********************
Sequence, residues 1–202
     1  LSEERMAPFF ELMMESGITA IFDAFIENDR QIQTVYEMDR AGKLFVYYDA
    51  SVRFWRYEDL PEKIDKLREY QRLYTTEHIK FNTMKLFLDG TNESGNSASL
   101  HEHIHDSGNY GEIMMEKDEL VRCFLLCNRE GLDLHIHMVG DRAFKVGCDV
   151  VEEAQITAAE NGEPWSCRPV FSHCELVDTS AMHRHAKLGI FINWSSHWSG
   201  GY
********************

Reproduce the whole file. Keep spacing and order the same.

Sequence, residues 1–202
     1  LSEERMAPFF ELMMESGITA IFDAFIENDR QIQTVYEMDR AGKLFVYYDA
    51  SVRFWRYEDL PEKIDKLREY QRLYTTEHIK FNTMKLFLDG TNESGNSASL
   101  HEHIHDSGNY GEIMMEKDEL VRCFLLCNRE GLDLHIHMVG DRAFKVGCDV
   151  VEEAQITAAE NGEPWSCRPV FSHCELVDTS AMHRHAKLGI FINWSSHWSG
   201  GY